In this case, you will probably move toward the nearest building entry, crack the door open and
listen. If you still don’t hear anything, you might radio dispatch, asking if they have any new
information. At this point, you might wait for other officers to show up, get in a formation, and
begin a more deliberate search of the structure clearing each room as you go. As another option,
you might get into formation and begin a quick sweep of the nearby hallways in an attempt to
learn what caused the initial call. There are several possible actions you might take depending
on the situation.
Either way, you will be using tactics that more closely resemble what we taught you in class.
You will most likely use a formal formation. Your speed will probably be no faster than you can
think or shoot. If you bypass rooms, the side officers in your formation will attempt to scan the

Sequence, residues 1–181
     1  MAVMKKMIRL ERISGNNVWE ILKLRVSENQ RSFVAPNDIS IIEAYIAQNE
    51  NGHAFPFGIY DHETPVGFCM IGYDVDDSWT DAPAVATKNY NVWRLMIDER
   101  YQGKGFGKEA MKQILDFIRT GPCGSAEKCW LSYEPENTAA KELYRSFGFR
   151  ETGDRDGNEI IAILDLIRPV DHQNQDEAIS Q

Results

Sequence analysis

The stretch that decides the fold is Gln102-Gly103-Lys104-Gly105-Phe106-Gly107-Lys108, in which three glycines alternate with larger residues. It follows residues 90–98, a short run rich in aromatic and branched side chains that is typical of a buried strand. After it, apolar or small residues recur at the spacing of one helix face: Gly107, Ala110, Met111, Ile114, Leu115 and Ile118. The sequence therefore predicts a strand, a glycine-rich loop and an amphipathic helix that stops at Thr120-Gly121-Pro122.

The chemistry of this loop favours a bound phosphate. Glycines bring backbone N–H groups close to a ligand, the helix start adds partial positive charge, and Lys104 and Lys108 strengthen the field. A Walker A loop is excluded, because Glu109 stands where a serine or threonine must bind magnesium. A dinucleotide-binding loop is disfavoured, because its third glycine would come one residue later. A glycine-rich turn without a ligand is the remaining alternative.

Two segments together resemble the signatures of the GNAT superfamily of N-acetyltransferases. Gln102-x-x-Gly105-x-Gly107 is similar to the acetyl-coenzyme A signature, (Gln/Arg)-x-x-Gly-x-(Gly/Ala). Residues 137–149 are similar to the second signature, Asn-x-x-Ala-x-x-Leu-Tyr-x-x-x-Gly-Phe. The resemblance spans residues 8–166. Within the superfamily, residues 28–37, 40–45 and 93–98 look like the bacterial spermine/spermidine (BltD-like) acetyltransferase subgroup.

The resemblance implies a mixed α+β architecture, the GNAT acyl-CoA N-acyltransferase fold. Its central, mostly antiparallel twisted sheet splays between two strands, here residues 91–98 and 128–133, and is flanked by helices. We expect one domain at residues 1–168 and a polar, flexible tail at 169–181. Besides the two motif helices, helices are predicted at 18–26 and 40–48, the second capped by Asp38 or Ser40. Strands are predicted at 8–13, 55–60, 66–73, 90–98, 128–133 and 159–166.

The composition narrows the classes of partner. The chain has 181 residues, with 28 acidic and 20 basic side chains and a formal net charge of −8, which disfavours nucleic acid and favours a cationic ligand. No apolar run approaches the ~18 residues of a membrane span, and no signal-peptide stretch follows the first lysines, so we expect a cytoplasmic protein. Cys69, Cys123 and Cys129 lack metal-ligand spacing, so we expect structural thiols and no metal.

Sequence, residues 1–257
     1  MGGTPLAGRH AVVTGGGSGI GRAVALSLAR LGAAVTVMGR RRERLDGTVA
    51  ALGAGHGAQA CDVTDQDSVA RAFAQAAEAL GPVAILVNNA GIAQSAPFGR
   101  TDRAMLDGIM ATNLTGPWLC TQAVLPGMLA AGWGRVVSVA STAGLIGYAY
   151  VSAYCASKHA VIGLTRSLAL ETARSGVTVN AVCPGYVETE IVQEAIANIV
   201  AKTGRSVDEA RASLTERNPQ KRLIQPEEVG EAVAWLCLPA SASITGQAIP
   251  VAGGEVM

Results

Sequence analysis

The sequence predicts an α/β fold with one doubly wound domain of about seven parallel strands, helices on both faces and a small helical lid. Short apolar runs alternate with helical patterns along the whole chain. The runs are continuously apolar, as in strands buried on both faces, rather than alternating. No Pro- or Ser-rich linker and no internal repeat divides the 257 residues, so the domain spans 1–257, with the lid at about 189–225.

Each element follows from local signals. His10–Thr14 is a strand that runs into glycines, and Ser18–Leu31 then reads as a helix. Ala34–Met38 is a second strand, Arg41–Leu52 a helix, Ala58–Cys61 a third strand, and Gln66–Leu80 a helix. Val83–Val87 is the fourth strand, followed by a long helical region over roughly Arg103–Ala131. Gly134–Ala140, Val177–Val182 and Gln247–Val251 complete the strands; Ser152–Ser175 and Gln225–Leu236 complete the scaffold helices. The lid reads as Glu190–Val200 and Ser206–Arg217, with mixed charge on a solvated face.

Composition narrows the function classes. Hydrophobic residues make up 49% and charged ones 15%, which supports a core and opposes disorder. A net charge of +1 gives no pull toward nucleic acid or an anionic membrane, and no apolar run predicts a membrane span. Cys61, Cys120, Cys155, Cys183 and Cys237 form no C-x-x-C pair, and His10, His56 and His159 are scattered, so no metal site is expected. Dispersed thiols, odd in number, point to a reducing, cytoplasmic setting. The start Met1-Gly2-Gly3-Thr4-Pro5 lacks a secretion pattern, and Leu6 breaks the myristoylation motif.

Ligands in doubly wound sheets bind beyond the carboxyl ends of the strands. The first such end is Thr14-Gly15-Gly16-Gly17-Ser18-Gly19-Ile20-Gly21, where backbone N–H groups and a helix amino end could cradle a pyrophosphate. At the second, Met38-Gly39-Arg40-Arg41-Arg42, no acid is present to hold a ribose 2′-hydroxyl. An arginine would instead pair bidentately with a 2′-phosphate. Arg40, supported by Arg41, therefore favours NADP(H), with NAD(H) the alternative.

room as completely as possible on the way by.
This will be much slower than the approach you use when there is active gunfire. This is
because your driving force is different. There is no gunfire. It was a dispatch call that sent you
here. The call could be bogus. The attack could be over, or the attacker could be attempting to
ambush arriving officers. More caution is warranted.
If gunfire breaks out during this deliberate search, you will quickly move directly toward the
gunfire in order to stop the killing. Your formation may fall apart. You will be going faster than
you can comfortably shoot and think until you get to where the attacker is located.
It is critical that what if-ing and analysis paralysis not prevent you from getting into the attack
location to Stop the Killing as quickly as possible. Tactics are designed to help facilitate this
process. They should not replace the real objective - Stop the Killing as quickly as possible.
We are not asking you to be foolish or take unnecessary risks, but if the tactic slows you too
much, it is not valid for the situation.
In the next article, we will address saving the injured: Stop the Dying.